BRIDGEPORT — Free on $2 million bond posted by his son, James Taylor chatted with marshals and other people as he appeared in court Wednesday.

“So nice to see you again,” he called out to marshals who last week had escorted him handcuffed into the same courtroom.

His lawyer, Assistant Public Defender Jared Millbrandt, confirmed that he has filed notice that he intends to claim his 75-year-old client, accused of fatally shooting his ex-wife and attempting to kill her son in their Fairfield home, suffered from a “ mental disease or defect,” and “extreme emotional disturbance,” at the time of the crime.

At a hearing on Wednesday, Senior Assistant State’s Attorney Joseph Corradino urged Superior Court Judge Joan Alexander to order that Taylor pay for his own GPS monitoring.

“During a telephone conversation with his son while he was still in jail, he told his son that his Social Security had increased with the untimely death of his wife,” Corradino said.

Millbrandt countered that he heard about the conversation but believes Social Security funds are not included when determining if a defendant is indigent.

The judge agreed but did order Taylor to pay the $5 a week fee for the tracking device.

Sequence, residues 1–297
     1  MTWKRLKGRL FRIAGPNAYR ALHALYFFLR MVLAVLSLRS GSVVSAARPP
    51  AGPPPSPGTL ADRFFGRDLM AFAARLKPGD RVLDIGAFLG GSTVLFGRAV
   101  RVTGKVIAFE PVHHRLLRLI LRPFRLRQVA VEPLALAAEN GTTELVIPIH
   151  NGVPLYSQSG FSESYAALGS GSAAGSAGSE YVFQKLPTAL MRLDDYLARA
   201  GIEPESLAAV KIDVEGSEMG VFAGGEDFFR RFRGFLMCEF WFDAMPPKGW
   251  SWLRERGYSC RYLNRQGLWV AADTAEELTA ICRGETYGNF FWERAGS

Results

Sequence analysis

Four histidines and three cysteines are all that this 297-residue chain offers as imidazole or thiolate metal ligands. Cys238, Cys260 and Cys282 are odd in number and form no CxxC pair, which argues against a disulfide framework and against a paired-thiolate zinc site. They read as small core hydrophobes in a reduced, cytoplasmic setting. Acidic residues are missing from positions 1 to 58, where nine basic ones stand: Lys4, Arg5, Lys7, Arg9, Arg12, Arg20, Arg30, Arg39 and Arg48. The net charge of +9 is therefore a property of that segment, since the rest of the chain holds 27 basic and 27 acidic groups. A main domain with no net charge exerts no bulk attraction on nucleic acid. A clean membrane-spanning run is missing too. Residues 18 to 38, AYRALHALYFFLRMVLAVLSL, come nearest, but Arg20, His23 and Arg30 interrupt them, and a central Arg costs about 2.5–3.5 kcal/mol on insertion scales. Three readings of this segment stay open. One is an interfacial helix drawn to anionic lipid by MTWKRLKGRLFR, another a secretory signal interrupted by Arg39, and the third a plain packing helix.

Taylor is charged with murder, home invasion, criminal attempt to commit murder, first-degree burglary, illegal discharge of a firearm and third-degree assault for allegedly fatally shooting his ex-wife.

Police said that around 9:30 p.m. on Feb. 3, James Taylor broke into the home of his stepson, Donald Garamella, 45, on Catamount Road and fatally shot Catherine Taylor, 70, with a .22-caliber rifle. He was attempting to reload and shoot Garamella when, police said, the younger man tackled Taylor and managed to get the gun away.

Last week a judge allowed Taylor to go free after his son, city Board of Education member Chris Taylor, posted his father’s bond through a bail bondsman.

The conditions of the elder Taylor’s freedom are that he wear a GPS monitoring anklet and must live in his son’s home on Bronson Road in Fairfield. He can only leave the home for court appearances, doctor’s visits and to get a haircut.

He appeared in court Wednesday dressed in khaki pants and a dark-blue polo-type shirt.